Family contexts and adolescents’ emotional status
Fausta Ongaro, Università di Padova
Silvia Meggiolaro, Università di Padova
Research has shown consistently that growing up in some non-traditional families is, in average, associated with negative consequences for children, in particular, with decreased well-being. The present study explores the effect of family structure (presence of both biological parents, step-families, single-parent families) on different measures of adolescent’s emotional status, considering whether this effect is mediated via family resources (parental socio-economic circumstances and parental health). The data come from a national representative survey, conducted in Italy in 2005.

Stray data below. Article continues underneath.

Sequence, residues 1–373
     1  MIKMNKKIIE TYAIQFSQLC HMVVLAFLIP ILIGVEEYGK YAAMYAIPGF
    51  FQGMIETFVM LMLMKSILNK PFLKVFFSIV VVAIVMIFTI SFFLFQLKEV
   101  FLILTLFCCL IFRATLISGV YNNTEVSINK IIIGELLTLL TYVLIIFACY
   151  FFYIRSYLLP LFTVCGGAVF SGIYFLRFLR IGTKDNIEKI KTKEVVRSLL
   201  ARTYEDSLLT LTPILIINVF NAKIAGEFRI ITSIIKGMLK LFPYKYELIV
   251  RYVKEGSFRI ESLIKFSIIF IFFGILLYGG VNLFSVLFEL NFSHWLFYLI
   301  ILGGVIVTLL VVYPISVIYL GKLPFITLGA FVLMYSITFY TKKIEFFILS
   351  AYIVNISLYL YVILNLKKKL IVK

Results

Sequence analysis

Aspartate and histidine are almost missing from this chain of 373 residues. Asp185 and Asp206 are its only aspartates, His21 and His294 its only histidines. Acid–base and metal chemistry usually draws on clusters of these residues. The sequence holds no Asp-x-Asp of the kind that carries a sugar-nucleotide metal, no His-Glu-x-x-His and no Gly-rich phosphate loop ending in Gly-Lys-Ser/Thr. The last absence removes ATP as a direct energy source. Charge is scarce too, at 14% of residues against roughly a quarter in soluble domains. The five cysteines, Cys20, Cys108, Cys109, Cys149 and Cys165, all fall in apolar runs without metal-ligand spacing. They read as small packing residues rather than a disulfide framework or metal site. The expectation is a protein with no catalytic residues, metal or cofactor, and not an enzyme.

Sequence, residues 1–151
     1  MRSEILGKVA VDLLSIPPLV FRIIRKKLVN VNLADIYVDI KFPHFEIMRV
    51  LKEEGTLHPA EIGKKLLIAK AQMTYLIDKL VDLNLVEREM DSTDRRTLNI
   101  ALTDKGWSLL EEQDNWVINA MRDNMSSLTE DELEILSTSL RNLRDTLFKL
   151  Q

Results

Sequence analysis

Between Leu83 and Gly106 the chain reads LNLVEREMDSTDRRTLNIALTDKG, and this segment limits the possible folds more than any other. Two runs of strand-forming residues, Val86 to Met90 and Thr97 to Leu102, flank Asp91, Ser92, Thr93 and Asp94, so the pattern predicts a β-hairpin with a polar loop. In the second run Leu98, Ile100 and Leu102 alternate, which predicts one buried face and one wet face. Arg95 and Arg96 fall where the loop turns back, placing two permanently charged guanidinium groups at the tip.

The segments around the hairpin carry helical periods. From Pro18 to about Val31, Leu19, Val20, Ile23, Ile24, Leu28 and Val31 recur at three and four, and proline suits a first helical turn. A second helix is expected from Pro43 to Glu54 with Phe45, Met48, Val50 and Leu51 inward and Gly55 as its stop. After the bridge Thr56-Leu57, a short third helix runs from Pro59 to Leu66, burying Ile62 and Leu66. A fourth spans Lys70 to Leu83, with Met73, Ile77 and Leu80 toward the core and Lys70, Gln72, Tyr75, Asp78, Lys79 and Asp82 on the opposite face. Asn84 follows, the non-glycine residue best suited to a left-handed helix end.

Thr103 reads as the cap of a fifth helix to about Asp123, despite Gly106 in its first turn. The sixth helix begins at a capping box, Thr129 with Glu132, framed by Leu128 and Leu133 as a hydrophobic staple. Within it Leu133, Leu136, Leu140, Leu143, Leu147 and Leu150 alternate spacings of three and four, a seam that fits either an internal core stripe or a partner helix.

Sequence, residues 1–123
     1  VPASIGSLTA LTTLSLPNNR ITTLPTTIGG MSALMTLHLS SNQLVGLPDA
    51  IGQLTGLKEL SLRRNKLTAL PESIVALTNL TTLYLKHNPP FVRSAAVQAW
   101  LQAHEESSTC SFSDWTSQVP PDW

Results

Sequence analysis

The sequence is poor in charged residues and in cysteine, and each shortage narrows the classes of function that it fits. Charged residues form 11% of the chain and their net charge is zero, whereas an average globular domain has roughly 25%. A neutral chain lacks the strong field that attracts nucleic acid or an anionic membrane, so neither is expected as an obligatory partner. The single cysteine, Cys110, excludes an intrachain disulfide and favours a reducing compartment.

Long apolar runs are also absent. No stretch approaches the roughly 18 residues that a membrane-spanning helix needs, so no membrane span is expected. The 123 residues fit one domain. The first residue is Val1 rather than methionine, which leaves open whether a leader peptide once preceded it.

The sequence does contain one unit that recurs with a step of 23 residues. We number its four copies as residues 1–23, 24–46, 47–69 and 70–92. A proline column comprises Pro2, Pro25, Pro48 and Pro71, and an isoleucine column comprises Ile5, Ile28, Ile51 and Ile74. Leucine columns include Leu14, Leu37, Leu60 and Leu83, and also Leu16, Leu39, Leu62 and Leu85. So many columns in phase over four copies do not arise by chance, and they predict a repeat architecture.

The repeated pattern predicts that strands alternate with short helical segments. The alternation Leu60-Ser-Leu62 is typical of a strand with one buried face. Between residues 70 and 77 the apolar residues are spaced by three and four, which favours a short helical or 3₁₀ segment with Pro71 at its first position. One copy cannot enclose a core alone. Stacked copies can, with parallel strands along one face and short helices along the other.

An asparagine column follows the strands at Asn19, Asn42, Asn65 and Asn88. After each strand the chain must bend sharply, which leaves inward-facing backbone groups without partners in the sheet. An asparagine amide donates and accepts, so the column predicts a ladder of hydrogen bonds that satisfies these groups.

Descriptive analyses showed that teenagers living in non-traditional families, and above all in step-families, experience lower psychological well-being, than teen living in two-biological-parent families, particularly for the mental health component.
At the multivariate level, the negative effect of non-traditional families on adolescent’s psychological well-being is significant only for step-families and only for mental health, whereas living in single-parent families has not negative effect. Parental resources (in particular, health) influence adolescents’ emotional well-being, and their effects do not mediate, where present, the family structure effects.